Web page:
Discrimination does not refer to every form of inequality. Discrimination only refers to unequal treatement based on a protected feature.
The features for which people may be discriminated against cannot be listed comprehensively. They can only be perceived by observing people’s behavior. For this reason, the law recognizes only certain fundamental features for which people all around the world may face discrimation. These include age, sex/gender, disability, race/ethnicity, sexual orienatation, and religion/beliefs. However, this does not mean that new characteristics cannot be added to this list if they appear in society.
Discrimination is a universal phenomenan that occurs in all societies around the world. It may be directed by a majority towards a minority, or by a minority towards a majority. Consequently, it is a divisive force that destroys the fabric of society and causes serious personal, social, and economic suffering.
The protection of vulnerable groups from discrimination—groups that are unpopular in society and are therefore not only victims of systemic discrimination but also often do not receive the institutional protection they deserve—is one of the areas in which the Bulgarian Helsinki Committee focuses its efforts.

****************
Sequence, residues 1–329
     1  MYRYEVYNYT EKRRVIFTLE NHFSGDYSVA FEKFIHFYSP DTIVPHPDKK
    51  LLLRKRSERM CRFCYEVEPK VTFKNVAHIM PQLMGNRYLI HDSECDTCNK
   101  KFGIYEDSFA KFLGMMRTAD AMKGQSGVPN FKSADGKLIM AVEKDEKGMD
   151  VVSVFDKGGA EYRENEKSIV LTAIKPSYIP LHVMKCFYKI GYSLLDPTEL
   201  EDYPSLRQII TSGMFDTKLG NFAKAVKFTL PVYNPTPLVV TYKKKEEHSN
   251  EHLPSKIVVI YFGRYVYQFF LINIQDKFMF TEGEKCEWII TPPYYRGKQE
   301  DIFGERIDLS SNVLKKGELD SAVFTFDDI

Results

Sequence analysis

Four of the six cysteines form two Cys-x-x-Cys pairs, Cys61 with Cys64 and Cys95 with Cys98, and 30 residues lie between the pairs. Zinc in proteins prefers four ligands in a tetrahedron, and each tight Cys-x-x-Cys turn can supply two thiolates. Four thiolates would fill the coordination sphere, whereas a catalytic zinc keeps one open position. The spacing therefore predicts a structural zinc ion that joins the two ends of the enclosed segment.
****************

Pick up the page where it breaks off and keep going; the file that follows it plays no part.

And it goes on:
According to data from the 2019 Eurobarometer:
- Discrimination against Roma people (38%) and sexual discrimination (35%) are the most widespread forms of discrimination in Bulgaria;
- 30% of Bulgarians say that they would not feel comfortable if their child were to one day have a relationship with a person of Roma origin;
- 39% of Bulgarians say that efforts made to fight against discrimination in Bulgaria are ineffective or nonexistent;
BHC is one of the civil organizations that significantly contributed to the adoption of the Protection Against Discrimination Act and directly participated in the preparation for its implementation. When it went into effect in 2004, the act was one of the most progressive in Europe. It also led to the creation of the Commission for Protection Against Discrimination. The Protection Against Discrimination Act is the main antidiscrimination law prohibiting various forms of discrimination, including those based on race, ethnic identity, sex/gender, religion, belief, sexual orientation, disability, and age. It also establishes uniform standards and mechanisms for protection.
Today, BHC monitors the application of the Protection Against Discrimination Act and publishes its observations on the issue each year in its Annual Report. Through signals to the Commission for Protection Against Discriminatinion and the Prosecutor’s Office, BHC fights against acts of discrimination and hate speach in the media and in the community.
BHC also conducts strategic litigation and advocacy efforts for protection against discrimination based on race, ethnic identity, age, health, or other attributes.